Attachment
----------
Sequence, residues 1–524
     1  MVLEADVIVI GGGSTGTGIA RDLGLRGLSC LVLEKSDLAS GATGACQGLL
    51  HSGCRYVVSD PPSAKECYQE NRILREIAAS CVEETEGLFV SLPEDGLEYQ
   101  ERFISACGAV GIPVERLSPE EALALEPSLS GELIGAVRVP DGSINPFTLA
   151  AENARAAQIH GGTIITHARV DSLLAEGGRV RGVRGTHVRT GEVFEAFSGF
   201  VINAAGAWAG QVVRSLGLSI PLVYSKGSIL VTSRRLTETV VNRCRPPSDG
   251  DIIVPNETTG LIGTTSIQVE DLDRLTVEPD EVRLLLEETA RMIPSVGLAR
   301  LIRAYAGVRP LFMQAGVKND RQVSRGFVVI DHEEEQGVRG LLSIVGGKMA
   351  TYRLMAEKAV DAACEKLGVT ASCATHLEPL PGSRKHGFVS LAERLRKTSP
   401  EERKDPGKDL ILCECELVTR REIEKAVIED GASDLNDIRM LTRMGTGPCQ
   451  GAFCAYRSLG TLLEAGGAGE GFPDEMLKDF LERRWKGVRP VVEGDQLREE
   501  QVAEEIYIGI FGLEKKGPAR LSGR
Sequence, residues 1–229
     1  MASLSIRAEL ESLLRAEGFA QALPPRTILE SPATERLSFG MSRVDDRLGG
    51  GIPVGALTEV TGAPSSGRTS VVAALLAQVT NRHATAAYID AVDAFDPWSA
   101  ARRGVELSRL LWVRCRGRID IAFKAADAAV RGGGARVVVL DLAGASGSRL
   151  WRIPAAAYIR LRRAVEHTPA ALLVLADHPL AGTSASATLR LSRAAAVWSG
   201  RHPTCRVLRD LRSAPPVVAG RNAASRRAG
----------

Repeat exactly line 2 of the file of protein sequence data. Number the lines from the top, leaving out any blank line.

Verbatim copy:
     1  MVLEADVIVI GGGSTGTGIA RDLGLRGLSC LVLEKSDLAS GATGACQGLL